Playing With Vassal
Ever since I was first shown how to use Vassal by Kevin Moody, I have become more and more interested in it as a generic online gaming system. In case you haven't heard about it, Vassal is a Java application that allows you to design and play games online. It does not "run the game" like other online real-time or play-by-web sites. It simply provides a virtual table top that all players see and can interact with. The name Vassal originally comes from VASL (Virtual Advanced Squad Leader). The current system provides functionality for much more than just wargames. Check out all the modules.
Basic module design is fairly simple. Create all the graphics for the board, pieces, cards, etc. Enter them into the module designer and provide each object's properties. Of course, the more generic something is, the more options that need to be offered to allow for all sorts of gaming possibilities. Does the game need a grid? Do some objects snap to that grid? Does each object have a flipped side? Do some objects get stacked? Shuffled? What shows on top of what? In fact, the system as a whole looks very complicated. And if you want to extend the functionality, you can write your own Java routines.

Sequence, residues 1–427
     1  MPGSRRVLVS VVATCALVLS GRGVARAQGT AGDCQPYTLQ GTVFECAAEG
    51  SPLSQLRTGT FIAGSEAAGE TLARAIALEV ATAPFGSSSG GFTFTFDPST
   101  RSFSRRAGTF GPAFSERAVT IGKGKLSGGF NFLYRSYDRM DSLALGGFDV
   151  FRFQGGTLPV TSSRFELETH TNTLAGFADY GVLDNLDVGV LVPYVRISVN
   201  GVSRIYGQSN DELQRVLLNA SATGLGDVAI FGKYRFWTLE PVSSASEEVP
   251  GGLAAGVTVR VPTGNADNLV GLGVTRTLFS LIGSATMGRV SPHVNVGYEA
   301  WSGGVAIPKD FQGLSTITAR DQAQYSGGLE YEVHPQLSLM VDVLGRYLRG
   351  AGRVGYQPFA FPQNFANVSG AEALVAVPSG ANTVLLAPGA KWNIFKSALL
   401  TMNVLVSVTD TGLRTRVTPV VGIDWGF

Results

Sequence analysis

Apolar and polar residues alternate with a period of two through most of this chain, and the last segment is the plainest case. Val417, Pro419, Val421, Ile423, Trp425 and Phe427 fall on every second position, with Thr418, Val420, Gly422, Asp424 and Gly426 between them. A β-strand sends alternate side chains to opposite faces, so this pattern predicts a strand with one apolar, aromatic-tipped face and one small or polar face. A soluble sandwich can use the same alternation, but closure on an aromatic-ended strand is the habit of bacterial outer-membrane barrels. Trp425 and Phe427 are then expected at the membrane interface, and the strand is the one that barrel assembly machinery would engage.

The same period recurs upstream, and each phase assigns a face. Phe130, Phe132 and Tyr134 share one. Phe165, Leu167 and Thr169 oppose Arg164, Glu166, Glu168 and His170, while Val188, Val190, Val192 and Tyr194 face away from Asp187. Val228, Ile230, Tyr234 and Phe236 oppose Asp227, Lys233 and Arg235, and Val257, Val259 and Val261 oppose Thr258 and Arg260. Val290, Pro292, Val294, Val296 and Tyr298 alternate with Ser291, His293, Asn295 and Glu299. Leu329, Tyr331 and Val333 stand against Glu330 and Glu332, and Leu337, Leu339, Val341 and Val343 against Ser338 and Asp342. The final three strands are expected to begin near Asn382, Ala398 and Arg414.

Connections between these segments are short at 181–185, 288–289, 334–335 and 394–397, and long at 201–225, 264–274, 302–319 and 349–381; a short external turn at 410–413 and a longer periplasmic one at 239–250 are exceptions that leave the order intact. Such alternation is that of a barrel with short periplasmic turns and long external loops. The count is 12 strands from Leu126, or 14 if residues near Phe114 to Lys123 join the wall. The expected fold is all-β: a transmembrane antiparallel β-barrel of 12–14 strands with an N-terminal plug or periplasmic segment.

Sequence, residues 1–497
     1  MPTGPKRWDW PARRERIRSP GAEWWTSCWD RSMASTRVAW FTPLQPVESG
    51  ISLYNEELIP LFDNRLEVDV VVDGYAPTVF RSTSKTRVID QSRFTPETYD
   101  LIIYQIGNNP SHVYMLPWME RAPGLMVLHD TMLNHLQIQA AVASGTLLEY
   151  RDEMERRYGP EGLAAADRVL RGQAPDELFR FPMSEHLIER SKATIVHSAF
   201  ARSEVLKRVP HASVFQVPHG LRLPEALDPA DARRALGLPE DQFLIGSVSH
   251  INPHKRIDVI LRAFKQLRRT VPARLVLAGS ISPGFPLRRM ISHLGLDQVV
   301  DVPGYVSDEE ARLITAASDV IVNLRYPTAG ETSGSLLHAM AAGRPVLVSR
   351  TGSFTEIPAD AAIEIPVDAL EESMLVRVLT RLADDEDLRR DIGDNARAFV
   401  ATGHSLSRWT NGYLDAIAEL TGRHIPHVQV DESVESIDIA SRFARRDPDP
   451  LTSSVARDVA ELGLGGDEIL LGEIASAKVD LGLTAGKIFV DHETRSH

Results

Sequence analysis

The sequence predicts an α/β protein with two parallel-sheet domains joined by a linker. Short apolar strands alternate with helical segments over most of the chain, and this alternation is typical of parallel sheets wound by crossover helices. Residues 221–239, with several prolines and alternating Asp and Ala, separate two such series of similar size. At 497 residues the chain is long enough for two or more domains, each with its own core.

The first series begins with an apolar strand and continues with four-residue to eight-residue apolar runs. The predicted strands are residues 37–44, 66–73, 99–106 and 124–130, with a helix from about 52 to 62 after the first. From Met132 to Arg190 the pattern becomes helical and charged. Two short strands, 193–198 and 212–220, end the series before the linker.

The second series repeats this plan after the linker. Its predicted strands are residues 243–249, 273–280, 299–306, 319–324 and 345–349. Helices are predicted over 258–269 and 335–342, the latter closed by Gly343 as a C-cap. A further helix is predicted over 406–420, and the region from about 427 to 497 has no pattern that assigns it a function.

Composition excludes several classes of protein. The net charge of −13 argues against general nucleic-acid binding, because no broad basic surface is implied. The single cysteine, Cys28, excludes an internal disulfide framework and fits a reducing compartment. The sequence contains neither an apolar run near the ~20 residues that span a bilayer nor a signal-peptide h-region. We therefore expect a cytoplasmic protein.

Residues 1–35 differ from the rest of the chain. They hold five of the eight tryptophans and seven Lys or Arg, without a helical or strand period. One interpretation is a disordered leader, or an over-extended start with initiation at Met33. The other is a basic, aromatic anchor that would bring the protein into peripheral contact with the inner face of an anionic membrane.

So why am I even discussing this? Because I am trying my hand at a Vassal module. At this point, there seems to be as much of a learning curve as ASLSK#1 itself. Getting the basic objects defined was pretty easy, but getting everything to behave like I want is going to take more effort.
I'll post more information on my progress (including the super secret game identity) when I am further along.